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bioplasticsMAGAZINE_1402

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bioplasticsMAGAZINE_1402

News European Parliament

News European Parliament (ENVI Committee) vote paves way for compostable plastic bags On March 11 the European Parliament Environment Committee clearly voiced its support for decisive steps to reduce the consumption of lightweight plastic carrier bags in Europe. European Bioplastics supports the outcome of the vote, and the new provisions on biodegradable and compostable plastic carrier bags. François de Bie, Chairman of European Bioplastics, commented: “We are very glad to see provisions that acknowledge the important contribution that biodegradable and compostable plastic bags can make to enhanced biowaste collection across the EU. Biodegradable bags that are EN13432 compliant can help Member States to reduce landfilling by diverting biowaste from landfill to organic recycling. We now call on the Council of the European Union to support the provisions taken up by the Parliament and recognise the value that biodegradable plastic bags offer to European society”. The report exempts very lightweight carrier bags (below 10 micron thickness) from the scope of any measures and requires their progressive replacement with biodegradable and compostable bags. It also allows Member States with existing separate collection of biowaste to reduce the price of biodegradable and compostable lightweight carrier bags by up to 50 percent. MT www.european-bioplastics.org PHA for automotive interiors Magna International Inc. (Troy, Michigan, USA), a leading global automotive supplier, and bio-on, an Italian intellectual property company, have signed a cooperation agreement to start exclusive R&D activities on the use of bio plastics for the automotive industry. bio-on has developed a new kind of PHA made by naturally occurring bacteria using sugar beet by-products, thus they do not rely on food as a resource. The material could provide alternatives to conventional plastics for the automotive industry. Even if not of any significance for automotive applications in the first place, the companies informed that the resins are fully biodegradable in water and soil. Magna, through its Interiors operating unit, is pairing its automotive know-how with bio-on’s chemical expertise to research how production of this natural polyester product can be elevated to an industrial, cost-effective scale. Additionally, the two companies will test and evaluate how bio-on bio plastics will perform in different standard industry processes such as thermoforming. Magna Interiors will utilize its facility in Liberec, Czech Republic, for joint testing. “Our material has already demonstrated great potential in diverse industries and we now want to apply it to the automotive sector as well,” says Marco Astorri , CEO and cofounder of bio-on. “Through this partnership, bio-on hopes to contribute significantly to meeting the global need for a greener future mobility, with lower environmental impact.” “As a leading global automotive supplier, Magna is leveraging its manufacturing expertise to partner with bio-on to deliver a potential game-changing innovation to the industry,” said Albert Lidauer, President Magna Interiors Global. “We are excited about the possibilities this cooperation offers us to further support our customers in pursuit of environmentally friendly vehicles.” MT www.bio-on.it www.magna.com 6 bioplastics MAGAZINE [02/14] Vol. 9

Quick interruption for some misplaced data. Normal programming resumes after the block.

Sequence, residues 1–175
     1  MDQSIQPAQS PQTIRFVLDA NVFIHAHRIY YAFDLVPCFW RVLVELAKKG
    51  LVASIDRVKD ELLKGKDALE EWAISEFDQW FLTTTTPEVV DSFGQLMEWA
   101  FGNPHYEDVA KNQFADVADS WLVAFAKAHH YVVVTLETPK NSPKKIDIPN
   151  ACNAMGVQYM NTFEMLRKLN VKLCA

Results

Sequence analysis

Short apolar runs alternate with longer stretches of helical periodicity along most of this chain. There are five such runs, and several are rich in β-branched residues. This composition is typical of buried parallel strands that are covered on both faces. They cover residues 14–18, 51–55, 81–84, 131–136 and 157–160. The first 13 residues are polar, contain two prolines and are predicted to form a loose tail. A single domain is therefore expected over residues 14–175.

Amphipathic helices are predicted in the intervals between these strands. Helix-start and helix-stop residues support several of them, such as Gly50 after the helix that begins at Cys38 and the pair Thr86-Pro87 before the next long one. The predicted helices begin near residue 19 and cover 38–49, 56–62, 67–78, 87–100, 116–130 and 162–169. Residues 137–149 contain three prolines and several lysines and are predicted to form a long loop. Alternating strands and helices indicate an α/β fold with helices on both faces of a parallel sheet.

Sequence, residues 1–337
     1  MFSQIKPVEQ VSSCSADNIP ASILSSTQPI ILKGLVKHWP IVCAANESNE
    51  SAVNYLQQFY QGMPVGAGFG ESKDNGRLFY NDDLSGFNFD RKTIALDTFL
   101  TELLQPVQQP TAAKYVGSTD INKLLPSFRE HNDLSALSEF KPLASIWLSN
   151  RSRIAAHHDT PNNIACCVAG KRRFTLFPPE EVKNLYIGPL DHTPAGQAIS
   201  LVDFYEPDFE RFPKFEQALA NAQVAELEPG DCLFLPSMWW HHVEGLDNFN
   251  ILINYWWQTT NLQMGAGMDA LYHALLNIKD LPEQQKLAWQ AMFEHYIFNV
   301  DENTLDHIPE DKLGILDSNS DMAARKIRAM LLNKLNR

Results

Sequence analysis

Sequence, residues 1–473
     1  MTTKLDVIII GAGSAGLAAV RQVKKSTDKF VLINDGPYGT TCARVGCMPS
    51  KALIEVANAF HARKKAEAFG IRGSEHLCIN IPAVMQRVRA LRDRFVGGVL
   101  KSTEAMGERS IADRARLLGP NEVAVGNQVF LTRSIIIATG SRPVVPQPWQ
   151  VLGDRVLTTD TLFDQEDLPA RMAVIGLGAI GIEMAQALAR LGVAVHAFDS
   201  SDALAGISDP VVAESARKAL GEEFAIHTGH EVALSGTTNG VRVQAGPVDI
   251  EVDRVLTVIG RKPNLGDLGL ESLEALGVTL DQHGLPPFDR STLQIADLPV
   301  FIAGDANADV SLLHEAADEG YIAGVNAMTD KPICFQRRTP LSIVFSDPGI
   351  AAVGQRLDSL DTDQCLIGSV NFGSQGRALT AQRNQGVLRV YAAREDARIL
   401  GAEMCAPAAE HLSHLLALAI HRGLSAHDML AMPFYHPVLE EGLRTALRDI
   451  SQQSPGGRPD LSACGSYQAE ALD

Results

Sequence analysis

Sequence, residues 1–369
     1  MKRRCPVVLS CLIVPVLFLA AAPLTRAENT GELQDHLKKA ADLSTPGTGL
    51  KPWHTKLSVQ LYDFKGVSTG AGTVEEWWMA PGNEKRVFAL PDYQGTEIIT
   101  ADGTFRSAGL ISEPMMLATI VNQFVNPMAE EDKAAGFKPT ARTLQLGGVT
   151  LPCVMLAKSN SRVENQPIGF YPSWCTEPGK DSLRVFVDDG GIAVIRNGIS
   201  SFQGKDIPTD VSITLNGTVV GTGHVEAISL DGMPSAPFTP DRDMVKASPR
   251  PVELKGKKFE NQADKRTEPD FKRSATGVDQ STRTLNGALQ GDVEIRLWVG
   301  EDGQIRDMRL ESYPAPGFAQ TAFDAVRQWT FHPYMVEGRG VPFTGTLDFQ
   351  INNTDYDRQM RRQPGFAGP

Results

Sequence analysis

News Marine biodegradation tests for Mater-Bi Not only due to the omnipresent discussions about the pacific garbage patch the biodegradability of certain bioplastics in the sea — so called marine degradability — is on almost everyone’s lips. After thoroughly investigating biodegradability and compostability in industrial composting environments, under home composting conditions and in soil, the focus of scientists involved in the biodegradability of plastics became focused on marine biodegradation. It soon became clear that the biodegradation behaviour of biodegradable plastics is quite different in different habitats. Biodegradation in free water (the so called “pelagic zone”), where the microbial density is low, can be very retarded. On the other hand, habitats such as the sea bottom and the beaches result to be quite active in biodegradation. This led to the development of specific test methods to measure biodegradation in conditions simulating these habitats. The effort to validate new test methods is high and, in particular, the field studies in the seas require specific knowledge and equipment and is by far more complicated than a biodegradation test in soil or in a backyard composter. The subject of marine biodegradability of bio-based products is now tackled with an higher deployment of resources thanks to European Project Open-Bio [1] co-financed by the European Commission, where European scientists and institutes are cooperating in order to validate a suitable testing scheme and help the standardisation activities. Draft standards are also under discussion at ISO and ASTM level. In mid-February Novamont (Novara, Italy) announced that marine biodegradation tests overseen by the Italian Institute of Plastics (IIP) show that the fourth generation biodegradable plastic Mater-Bi ® has achieved biodegradation of over 80% in around 220 days. The laboratory tests simulate the environmental conditions of the sea bed and the seashore, habitats where a lot of plastic waste ends up. These data confirm that compostable products also tend to biodegrade under natural conditions, such as the marine environment, over a relatively short time. MT [1] www.biobasedeconomy.eu/research/open-bio www.novamont.com bioplastics MAGAZINE [02/14] Vol. 9 7

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